Liverpool, Roma, Bayern Munich and Real Madrid have found themselves in the semifinals of this season’s UCL, creating a strong mix of storylines as the tournament heads towards its most critical point.

[ MORE: Everton gets past Newcastle behind Theo Walcott’s strike ]

Anfield will be the site for Tuesday’s first leg between Liverpool and Roma, with both sides still riding major highs from their victories in the last round.

The Reds enter the final four after having disposed of fellow Premier League side Manchester City in relatively dominating fashion. Meanwhile, Roma completed a seemingly impossible comeback against Barcelona to progress in the competition.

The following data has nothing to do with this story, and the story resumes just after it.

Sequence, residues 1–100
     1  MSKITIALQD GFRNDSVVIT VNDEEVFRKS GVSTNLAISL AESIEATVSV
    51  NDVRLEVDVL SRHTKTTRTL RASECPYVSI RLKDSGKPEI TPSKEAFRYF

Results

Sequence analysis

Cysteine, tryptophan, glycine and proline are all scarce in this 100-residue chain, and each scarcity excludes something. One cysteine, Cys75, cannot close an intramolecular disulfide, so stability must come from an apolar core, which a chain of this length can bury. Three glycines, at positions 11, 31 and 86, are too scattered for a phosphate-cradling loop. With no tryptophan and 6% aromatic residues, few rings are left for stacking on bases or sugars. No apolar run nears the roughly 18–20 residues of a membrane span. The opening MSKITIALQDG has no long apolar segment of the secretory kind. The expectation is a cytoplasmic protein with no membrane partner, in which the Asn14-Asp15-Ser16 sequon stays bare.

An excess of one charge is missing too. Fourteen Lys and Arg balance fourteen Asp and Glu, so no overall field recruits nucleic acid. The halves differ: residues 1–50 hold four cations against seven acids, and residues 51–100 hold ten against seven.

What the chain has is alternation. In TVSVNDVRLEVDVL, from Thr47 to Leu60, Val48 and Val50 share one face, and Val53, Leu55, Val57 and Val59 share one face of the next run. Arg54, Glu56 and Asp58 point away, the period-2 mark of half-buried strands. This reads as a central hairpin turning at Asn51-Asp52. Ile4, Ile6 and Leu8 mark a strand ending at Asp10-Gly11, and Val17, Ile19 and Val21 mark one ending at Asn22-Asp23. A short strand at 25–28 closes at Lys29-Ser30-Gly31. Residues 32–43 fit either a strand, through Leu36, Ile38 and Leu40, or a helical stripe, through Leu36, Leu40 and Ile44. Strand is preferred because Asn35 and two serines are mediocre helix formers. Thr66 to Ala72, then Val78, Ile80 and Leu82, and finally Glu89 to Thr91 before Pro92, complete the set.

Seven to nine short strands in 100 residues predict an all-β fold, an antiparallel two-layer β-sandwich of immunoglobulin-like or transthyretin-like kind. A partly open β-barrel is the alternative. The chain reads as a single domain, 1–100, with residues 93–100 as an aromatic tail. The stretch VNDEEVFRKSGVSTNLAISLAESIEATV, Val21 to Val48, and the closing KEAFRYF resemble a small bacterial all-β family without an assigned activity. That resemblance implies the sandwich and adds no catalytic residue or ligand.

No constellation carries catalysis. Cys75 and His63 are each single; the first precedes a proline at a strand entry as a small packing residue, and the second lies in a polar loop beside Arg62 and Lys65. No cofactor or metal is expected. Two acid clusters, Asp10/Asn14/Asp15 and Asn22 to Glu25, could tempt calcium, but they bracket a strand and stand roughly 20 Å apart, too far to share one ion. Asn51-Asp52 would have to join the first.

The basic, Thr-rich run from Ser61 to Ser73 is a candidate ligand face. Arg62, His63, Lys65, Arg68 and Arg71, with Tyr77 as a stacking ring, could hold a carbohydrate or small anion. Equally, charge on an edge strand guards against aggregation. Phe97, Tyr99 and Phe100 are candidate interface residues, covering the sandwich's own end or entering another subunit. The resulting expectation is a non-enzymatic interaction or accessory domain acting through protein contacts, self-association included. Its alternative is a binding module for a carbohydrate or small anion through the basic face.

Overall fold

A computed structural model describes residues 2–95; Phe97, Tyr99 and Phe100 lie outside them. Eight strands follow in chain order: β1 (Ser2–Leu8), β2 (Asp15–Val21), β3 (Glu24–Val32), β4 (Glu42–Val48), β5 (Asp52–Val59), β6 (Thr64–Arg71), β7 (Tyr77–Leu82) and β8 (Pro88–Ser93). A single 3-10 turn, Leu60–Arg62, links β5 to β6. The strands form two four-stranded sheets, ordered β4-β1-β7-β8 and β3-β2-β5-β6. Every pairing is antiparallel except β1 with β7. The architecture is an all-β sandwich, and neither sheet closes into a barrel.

Liverpool is led by three of the year’s top goalscorers, including Mohamed Salah — who has scored eight goals in the UCL and 41 across all competitions.

For Roma, much of the side’s success has been predicated on finding defensive strength at the right moments throughout the tournament.

Despite falling behind 4-1 in their first leg defeat to Barca in the previous round, Edin Dzeko and Co. rallied for a 3-0 win at the Stade Olimpico to stun the Catalan club by holding Lionel Messi and his side in check.

Manager Eusebio Di Francesco will have to find creative ways to halt the Liverpool attack though over the course of two legs, with the Reds boasting the top attack in this year’s UCL.

Liverpool has scored 33 goals in 10 UCL matches, while only conceding seven in the process.

Keeper Ederson hopeful he can score this season for Man City